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September 13, 2019

Solutions to Tragedy

Patricia A. Kelly

Three mass shootings in one month – El Paso, Dayton and Odessa. Too many after too many. We always begin with shock, grief and prayers, appropriately so.


Next, we question: Who? How? Why? Where did the weapon come from? Who knew something? Who didn’t communicate? Where did he get the weapon?


If the weapon was a gun, we return to calls for an end to gun violence in America vs. the importance of Second Amendment rights. Then we argue about statistics on gun violence, background checks, red flag laws, buy-back programs, and outlawing of semi – and – automatic weapons and large magazines. Our political leaders, instead of looking for workable solutions and compromise, spend their time blaming their opponents and even President Donald Trump in hopes of winning re-election.


The views of Americans are evolving in favor of universal background checks and removal of military style weapons and large magazines. People do want more safety. Too bad people use knives, bombs and vehicles for mass murder, too.


Gun law reform is part of the solution, even though the problem is really in the minds of the killers, rather than in the guns themselves. Universal background checks are appropriate, with inclusion of information on past violence and serious mental illness. Special licensing for semi-automatic weapons, and restrictions on large magazines are appropriate, too.


As a nurse, I’ve seen implementation of a current law that allows people who are reported to be a danger to themselves or others to be held for 72 hours for psychiatric evaluation without their consent. This law has worked, just as correct red flag laws would.


Red Flag laws should allow emergency, temporary removal of weapons, pending legal processes and mental health evaluations, for people reported to be a danger to themselves or others.


Virtually every person who commits suicide or mass murder shows some sign in advance. The trick is reading that sign, which can be difficult, and reporting it. Laws that prevent intervention in the absence of a crime, but with serious signs of impending disaster, should be changed. Concerns must be passed on to professionals, who can evaluate people on the edge.


The state of mental health care for the seriously ill is inadequate. Short term hospitalization, long enough to administer but not really evaluate new medication, is often the health-insurance-mandated norm. Community follow-up is limited, another historic failure of Congress, beginning at the time of de-institutionalism of mentally ill people following the development of psychiatric drug treatment. Congress offered funding to assist with community care in lieu of hospital care, but completely failed to deliver.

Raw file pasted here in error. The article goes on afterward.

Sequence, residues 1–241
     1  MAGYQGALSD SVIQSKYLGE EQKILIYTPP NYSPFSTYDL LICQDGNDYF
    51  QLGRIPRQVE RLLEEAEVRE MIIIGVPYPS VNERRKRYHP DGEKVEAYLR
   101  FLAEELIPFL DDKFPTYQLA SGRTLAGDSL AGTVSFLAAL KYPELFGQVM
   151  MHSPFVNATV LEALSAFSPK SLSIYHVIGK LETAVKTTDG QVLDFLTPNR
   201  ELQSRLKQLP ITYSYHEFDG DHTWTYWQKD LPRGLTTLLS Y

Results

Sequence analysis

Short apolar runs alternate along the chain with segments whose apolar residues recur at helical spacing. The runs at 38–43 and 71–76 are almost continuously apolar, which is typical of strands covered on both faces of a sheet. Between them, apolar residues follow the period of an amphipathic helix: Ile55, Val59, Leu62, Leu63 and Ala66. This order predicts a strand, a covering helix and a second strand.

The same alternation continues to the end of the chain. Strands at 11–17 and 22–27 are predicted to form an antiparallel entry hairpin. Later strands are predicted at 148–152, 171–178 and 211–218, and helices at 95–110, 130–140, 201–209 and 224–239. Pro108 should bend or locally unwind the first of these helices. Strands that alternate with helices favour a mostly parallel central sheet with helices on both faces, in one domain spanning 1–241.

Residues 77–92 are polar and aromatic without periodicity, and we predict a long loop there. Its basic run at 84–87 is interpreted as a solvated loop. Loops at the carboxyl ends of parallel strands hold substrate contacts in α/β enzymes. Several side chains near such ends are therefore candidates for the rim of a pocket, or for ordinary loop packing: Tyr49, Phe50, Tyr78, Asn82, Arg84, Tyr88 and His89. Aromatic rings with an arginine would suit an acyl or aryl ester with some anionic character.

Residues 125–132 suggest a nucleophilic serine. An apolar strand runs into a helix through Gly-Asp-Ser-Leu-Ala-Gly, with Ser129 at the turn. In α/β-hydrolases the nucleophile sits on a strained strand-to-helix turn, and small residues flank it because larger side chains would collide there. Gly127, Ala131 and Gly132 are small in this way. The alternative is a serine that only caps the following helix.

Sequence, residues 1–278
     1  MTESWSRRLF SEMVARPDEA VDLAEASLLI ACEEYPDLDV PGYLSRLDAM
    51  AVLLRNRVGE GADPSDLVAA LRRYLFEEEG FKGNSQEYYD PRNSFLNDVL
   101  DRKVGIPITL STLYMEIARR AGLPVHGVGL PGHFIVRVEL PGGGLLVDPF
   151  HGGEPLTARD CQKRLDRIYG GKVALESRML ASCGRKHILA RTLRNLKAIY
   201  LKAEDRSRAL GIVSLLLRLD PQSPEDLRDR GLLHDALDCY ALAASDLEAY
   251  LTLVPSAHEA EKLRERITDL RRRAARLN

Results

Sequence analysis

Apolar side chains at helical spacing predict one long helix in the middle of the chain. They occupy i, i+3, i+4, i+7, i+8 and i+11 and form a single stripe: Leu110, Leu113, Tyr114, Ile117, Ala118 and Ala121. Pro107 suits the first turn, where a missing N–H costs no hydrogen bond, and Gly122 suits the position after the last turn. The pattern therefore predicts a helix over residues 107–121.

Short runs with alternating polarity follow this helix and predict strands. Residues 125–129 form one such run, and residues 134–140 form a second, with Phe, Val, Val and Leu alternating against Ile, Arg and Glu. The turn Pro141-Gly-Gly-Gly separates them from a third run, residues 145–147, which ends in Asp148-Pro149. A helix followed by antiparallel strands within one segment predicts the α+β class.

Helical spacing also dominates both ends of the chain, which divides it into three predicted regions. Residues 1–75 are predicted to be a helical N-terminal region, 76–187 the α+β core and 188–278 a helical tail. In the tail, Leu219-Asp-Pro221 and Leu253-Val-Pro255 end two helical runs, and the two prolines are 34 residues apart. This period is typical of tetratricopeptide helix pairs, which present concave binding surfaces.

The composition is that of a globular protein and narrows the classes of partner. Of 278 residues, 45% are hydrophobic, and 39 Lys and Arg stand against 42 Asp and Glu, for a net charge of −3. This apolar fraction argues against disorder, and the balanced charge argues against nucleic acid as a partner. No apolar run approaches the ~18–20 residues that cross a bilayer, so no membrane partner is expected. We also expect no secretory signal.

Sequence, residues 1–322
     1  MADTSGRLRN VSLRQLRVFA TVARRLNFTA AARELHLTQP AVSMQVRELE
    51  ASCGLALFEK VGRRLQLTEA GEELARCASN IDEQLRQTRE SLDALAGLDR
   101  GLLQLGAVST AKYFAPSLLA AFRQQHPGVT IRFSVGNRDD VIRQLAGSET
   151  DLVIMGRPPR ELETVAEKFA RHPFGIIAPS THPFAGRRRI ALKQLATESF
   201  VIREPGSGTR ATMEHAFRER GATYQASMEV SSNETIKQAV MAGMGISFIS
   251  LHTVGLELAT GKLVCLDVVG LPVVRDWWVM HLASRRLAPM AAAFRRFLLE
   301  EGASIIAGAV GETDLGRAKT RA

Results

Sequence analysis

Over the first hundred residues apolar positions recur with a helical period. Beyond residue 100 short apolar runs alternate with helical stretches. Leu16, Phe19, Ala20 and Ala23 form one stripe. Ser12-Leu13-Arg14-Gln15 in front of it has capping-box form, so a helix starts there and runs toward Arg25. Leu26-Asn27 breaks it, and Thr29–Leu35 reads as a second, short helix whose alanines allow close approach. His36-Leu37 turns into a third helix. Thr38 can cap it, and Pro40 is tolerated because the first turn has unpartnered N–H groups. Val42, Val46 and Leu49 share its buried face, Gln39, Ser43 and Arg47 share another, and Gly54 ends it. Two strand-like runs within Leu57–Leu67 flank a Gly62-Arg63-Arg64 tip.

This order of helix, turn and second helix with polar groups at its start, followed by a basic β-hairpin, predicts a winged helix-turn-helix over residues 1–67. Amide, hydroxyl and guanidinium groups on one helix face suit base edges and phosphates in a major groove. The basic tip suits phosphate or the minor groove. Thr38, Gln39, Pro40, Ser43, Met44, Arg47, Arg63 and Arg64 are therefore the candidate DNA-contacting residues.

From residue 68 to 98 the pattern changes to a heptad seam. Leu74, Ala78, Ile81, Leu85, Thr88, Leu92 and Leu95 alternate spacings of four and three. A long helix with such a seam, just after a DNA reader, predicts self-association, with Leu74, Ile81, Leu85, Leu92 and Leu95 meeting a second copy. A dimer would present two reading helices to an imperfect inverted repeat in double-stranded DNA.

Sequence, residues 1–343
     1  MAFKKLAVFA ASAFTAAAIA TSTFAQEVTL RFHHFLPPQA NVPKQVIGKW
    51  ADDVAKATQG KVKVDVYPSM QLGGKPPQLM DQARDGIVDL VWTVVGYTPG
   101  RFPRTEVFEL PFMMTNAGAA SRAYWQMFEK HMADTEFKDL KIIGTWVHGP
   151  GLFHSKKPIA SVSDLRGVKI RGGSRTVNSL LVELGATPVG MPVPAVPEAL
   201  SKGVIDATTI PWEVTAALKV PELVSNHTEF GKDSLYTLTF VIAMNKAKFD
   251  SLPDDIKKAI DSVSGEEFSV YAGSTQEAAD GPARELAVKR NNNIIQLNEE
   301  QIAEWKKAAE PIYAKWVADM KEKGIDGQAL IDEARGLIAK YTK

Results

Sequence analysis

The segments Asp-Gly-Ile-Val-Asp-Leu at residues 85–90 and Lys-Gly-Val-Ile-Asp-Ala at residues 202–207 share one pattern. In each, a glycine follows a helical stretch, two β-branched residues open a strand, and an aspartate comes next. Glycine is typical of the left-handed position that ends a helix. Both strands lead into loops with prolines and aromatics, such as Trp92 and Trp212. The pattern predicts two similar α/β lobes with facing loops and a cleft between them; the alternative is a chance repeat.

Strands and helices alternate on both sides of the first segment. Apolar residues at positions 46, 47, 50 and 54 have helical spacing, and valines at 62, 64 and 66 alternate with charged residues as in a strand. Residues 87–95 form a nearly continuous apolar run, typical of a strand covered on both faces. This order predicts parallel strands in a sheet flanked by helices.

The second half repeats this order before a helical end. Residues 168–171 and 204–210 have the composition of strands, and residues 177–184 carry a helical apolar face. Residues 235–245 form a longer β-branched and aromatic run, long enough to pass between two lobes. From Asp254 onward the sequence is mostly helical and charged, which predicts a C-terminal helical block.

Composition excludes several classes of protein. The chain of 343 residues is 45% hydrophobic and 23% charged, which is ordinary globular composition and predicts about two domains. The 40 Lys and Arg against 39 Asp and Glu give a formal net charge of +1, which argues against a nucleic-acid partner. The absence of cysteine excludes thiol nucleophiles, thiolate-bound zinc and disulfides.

The death penalty is not the answer. Why should the government commit violence as punishment for violence? Life imprisonment without parole, possibly in a supermax prison, certainly with restrictions on communication with the outside world, is a much better choice in a civilized society. The death penalty should be reserved for people who cannot be safely managed in prison.


Current cultural issues and technology can be associated with both mass killings and suicides. Social media and news media sensationalism, widespread internet violence and hate mongering, increased isolation of people who spend their lives online, and a culture of narcissism contribute. One can aspire to fame on the Internet, without any real accomplishment. And who is more famous or powerful, than a mass killer?


Young men are struggling now, demonized for their masculinity with their value often ignored, especially those reared by inattentive parents or poor role models.


Instead of active, caring parenting, our society focuses on acquiring possessions. The use of credit or loans is considered good. Pressure from constant advertising and glorification of movie and music stars to have the best house and a new, expensive car every few years is constant, leading to more working time and financial pressure on parents, who should instead be spending time with their families.


Each child counts. Each child can grow into a successful adult with the skills and self-mastery that can help him to lead a rewarding life. That takes parenting, though, not the newest SUV.


No one should grow up isolated, angry and unloved, but that is becoming more common, social media “friendships” notwithstanding.


Debunking the myth that buying things with loans or credit is a good thing, living within our means, saving, limiting social media time, spending time with our children and helping them prepare for adulthood is the way to help our children grow up happy and fulfilled, rather than twisted or angry.


It's not all about guns or our president. There are things that can be done to help solve the problem of mass violence.




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